Feeding the People: Collective Dining and Science in Postwar North Korea

Feeding the People: Collective Dining and Science in Postwar North Korea promotional image

The Korean Studies Research Network, an International Programs affinity group, hosts this virtual discussion entitled “Feeding the People: Collective Dining and Science in Postwar North Korea.” The event will feature Korea Foundation Postdoctoral Fellow Dr. Sunho Ko from the University of Wisconsin, Madison.

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“Let’s turn our restaurants into collective kitchens of the people (inmin ŭi kongdong chubang).” With this captivating slogan, the North Korean state, in the aftermath of the Korean War, expanded communal dining facilities and programs, including factory canteens, community restaurants, as well as school and nursery meal initiatives. The socialist approach to food consumption pledged to provide the war-ravaged country’s citizens with socialist feasts replete with delicious and nutritious dishes. The state anticipated that these meals would bolster labor productivity for the nation’s reconstruction efforts, ultimately demonstrating the superiority of the socialist system over colonialism and capitalism.

As the communal dining facilities expanded, a diverse array of stakeholders, ranging from government officials to nutritional scientists, cookbook authors, architects, dining facility personnel, and patrons, actively engaged in the socialist endeavor of establishing these communal dining facilities as scientifically oriented venues for food consumption. These discussions surrounding the scientific management of food encompassed every facet of facility management, from menu development and demand forecasting to supply chain oversight, kitchen design, standardized cooking techniques, and table service.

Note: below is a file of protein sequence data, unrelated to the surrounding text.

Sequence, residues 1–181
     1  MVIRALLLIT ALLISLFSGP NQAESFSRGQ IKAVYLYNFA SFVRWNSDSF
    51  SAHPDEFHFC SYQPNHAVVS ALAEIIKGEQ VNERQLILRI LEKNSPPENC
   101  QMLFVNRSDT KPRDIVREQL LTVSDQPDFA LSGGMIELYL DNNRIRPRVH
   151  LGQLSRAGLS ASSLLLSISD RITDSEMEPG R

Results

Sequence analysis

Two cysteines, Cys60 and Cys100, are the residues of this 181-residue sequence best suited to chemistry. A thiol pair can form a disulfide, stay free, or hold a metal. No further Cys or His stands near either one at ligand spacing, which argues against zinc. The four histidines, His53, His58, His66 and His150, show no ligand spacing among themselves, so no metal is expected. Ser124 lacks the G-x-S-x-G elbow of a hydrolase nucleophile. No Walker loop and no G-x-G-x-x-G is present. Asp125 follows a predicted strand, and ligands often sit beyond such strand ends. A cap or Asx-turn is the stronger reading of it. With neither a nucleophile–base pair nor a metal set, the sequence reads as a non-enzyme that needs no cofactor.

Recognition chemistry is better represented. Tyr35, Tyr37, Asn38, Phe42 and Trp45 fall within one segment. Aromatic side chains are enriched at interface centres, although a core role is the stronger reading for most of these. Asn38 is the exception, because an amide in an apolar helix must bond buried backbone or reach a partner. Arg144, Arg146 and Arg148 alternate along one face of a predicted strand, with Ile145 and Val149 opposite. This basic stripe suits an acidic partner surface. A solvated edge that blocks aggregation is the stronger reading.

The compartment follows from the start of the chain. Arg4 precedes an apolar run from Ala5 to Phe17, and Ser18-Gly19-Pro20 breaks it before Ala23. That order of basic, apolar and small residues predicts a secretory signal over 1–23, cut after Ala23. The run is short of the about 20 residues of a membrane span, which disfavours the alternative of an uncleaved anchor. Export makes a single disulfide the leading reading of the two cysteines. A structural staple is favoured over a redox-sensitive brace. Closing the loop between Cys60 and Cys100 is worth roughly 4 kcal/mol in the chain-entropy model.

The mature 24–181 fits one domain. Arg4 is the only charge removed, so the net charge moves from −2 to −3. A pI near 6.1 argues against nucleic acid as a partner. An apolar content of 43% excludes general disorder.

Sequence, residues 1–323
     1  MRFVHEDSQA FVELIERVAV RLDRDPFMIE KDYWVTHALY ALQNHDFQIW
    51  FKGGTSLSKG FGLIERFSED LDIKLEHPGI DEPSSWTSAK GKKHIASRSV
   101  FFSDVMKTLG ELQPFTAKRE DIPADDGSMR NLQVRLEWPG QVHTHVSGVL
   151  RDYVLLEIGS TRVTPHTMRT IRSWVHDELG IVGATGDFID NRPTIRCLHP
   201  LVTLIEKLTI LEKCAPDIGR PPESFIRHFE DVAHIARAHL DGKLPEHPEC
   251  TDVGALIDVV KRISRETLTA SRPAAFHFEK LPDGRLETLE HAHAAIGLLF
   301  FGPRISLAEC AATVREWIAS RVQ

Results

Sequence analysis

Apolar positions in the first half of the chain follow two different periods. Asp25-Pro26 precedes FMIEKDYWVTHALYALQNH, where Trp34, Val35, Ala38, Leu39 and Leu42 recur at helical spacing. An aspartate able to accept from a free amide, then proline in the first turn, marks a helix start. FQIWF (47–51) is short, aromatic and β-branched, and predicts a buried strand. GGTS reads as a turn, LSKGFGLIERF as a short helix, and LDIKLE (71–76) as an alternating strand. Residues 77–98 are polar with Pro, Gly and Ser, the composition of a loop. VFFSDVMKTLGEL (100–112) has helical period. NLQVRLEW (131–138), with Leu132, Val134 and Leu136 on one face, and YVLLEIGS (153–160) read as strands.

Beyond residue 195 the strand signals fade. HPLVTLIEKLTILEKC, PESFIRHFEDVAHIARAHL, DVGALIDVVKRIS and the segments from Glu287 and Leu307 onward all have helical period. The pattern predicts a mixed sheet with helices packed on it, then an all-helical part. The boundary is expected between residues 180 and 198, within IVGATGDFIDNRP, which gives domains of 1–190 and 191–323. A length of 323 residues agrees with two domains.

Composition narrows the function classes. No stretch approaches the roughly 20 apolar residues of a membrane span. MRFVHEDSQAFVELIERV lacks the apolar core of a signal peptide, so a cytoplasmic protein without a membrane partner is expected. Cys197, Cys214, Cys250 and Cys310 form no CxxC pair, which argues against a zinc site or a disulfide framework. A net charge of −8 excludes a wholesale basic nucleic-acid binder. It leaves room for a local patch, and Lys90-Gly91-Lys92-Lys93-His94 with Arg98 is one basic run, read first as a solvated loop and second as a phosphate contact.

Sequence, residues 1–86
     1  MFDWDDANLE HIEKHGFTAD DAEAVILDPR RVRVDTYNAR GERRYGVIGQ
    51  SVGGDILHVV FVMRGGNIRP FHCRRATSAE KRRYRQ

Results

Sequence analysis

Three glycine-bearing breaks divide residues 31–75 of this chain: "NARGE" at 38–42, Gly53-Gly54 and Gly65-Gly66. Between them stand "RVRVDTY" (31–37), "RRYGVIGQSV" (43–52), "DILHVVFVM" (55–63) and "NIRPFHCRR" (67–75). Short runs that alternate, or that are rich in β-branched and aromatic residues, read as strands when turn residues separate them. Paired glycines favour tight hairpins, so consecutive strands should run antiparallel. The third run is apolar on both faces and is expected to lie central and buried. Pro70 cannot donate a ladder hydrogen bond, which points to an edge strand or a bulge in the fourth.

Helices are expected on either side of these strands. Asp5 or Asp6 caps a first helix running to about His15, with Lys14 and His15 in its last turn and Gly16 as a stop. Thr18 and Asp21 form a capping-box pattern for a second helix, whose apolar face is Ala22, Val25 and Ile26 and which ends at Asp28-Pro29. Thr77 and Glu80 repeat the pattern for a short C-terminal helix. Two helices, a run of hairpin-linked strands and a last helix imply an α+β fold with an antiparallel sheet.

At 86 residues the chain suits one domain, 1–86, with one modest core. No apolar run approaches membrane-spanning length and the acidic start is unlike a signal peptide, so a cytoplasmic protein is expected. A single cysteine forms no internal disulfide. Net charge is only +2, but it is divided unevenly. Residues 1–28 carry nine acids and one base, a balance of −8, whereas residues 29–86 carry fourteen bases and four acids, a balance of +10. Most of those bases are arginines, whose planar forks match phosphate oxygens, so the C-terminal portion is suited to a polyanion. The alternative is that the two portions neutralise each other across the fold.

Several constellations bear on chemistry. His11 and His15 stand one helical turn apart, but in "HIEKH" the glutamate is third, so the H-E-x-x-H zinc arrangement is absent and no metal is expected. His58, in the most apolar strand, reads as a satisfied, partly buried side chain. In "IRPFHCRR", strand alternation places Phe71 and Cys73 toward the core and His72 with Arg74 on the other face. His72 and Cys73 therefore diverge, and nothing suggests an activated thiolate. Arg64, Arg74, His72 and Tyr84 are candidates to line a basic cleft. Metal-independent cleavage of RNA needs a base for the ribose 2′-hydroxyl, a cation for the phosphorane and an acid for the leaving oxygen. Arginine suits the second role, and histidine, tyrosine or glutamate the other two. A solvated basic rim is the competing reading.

By delving into the multifaceted perspectives on the scientific management of food, expressed through various sources such as cookbooks, manuals, scientific reports, memoirs, pamphlets, magazines, and newspapers, this talk presents North Korean collective dining facilities as sites where socialism was materialized at the local level through the participation of the people. This materialization was not a seamless process orchestrated solely by the state, but a complex one filled with tensions and conflicts that reflected diverse issues within and beyond the socialist country.

The Korean Studies Research Network aims to bring together scholars whose research focuses on Korea-related topics and to provide mentoring to the younger generation of scholars. It serves as a platform to facilitate collaborative and interdisciplinary research among scholars and graduate students at the University of Iowa and institutions of higher education in the Midwest through seminars, speaker series, and workshops.

This event is made possible through generous support from the Korea Foundation.

Thursday, February 22, 2024 5:00pm to 6:30pm
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Individuals with disabilities are encouraged to attend all University of Iowa–sponsored events. If you are a person with a disability who requires a reasonable accommodation in order to participate in this program, please contact Daniel Vorwerk in advance at 319-467-1619 or daniel-vorwerk@uiowa.edu.